The operations required to boot on the installation media are identical to using a Ubuntu live USB. The media is the same and can be used to perform the installation. The procedure is identical to that described in the article, until the step of choosing between the “live” mode and the installation: here we will choose the installation, after having selected the French language.
The installation of Ubuntu itself is very accessible, and is carried out by answering a few simple questions, the installer taking care of automatically managing the parts which can be a little technical.
It is advisable at the keyboard selection step to test some specific keys of the French keyboard, to verify that they correspond well; it’s important not to miss the password setting step.
For the installation type, we choose the normal installation, which includes the automatic installation of the graphical desktop environment and associated tools and software. We can also check the box activating the installation of third-party software (here understand “owners”, as opposed to “free”) to maximize the support of certain hardware requiring it.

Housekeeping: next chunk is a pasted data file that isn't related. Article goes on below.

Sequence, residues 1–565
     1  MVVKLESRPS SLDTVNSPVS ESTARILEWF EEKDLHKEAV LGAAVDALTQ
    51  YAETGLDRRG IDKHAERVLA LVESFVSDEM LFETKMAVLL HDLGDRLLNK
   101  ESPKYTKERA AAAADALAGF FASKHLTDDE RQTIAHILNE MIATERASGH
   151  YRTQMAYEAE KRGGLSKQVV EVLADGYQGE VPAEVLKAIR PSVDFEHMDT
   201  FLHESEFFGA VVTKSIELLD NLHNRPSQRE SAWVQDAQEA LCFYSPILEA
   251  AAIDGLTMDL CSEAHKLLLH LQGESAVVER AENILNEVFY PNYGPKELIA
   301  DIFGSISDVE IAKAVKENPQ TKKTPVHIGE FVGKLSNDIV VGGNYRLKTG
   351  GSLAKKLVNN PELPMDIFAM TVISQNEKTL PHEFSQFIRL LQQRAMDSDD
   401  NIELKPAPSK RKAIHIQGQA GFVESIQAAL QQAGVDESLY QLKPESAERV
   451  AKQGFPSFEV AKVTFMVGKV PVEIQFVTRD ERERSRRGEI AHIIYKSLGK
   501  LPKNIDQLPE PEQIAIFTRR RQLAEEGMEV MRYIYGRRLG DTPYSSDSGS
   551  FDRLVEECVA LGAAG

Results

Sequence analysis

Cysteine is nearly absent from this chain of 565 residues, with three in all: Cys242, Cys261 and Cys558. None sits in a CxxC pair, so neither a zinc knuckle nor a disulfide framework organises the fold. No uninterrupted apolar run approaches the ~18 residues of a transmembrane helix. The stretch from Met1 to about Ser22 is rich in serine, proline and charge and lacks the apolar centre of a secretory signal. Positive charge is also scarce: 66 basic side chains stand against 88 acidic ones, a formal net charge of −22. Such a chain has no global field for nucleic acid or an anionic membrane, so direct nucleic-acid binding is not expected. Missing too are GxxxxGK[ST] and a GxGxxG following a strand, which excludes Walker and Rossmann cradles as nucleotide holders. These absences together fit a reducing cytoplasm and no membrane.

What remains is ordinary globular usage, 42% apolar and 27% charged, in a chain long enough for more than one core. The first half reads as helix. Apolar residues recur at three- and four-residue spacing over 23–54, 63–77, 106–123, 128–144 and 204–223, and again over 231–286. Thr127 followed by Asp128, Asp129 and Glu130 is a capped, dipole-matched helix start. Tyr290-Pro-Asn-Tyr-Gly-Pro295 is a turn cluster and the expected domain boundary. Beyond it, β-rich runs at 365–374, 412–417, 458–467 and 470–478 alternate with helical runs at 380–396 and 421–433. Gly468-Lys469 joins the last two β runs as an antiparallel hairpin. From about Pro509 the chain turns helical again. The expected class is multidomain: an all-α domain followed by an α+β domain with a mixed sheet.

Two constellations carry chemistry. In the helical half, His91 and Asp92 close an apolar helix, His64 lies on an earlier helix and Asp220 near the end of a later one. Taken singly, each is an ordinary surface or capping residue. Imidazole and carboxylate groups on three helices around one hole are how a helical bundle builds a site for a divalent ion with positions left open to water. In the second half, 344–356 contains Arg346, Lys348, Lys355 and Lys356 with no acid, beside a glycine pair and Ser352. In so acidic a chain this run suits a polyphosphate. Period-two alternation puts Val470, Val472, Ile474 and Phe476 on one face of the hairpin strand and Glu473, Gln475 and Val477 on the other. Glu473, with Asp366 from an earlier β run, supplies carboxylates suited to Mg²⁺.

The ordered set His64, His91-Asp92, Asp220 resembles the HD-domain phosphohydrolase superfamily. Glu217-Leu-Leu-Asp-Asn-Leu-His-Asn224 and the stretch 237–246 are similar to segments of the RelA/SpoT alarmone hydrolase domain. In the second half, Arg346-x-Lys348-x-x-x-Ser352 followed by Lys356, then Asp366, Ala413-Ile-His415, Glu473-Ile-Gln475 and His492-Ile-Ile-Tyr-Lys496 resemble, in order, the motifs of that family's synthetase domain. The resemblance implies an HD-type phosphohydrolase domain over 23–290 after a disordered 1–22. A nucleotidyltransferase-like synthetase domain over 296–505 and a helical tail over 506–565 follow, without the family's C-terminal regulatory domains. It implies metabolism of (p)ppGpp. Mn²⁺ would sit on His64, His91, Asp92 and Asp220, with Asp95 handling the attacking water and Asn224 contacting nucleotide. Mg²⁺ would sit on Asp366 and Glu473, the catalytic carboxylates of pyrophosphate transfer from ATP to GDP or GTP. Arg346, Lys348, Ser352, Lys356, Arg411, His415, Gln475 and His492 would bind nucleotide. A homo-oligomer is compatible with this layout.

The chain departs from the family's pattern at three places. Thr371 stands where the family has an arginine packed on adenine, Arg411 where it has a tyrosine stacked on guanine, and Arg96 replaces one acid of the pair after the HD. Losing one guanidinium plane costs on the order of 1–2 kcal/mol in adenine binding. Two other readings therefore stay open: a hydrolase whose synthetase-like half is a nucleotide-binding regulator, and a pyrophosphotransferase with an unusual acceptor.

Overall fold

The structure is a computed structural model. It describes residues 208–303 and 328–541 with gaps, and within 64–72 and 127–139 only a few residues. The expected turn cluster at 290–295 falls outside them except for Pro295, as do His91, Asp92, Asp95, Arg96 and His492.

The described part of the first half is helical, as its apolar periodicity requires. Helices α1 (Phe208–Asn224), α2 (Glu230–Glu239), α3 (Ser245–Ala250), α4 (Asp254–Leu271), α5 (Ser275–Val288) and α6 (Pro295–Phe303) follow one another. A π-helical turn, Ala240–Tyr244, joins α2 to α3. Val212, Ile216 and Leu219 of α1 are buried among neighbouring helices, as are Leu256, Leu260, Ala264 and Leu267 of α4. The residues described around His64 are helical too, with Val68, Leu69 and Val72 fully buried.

If you connected the computer to the network during startup on the installation media, it will be possible to install system updates during the installation process so that Ubuntu will be completely up to date after the end of the installation. ‘installation. Otherwise, it doesn’t matter, there will always be time to update the system anytime after installation.
The next step will determine how we will use the unpartitioned free space on the hard drive. Here we will choose “Install Ubuntu next to Windows 10” and let the installer make the partitioning decisions. It is possible to manually partition the disk yourself, but we will talk about this a little later.
Before any final operation, the installer confirms the actions he will take to prepare the disc. This is an opportunity to verify that he is going to do what is expected of him.
The rest of the installation is extremely simple; we choose the time zone:
Then we create the first user.
At the end of the installation, the computer asks to restart while asking the user to remove the USB key. This is the opportunity to see for the first time the boot manager grub.
We can see that Ubuntu is the operating system that is launched by default, if no choice has been made after a few seconds. We also note that an entry has been automatically configured for Windows 10, and we can select it if we want to start on it.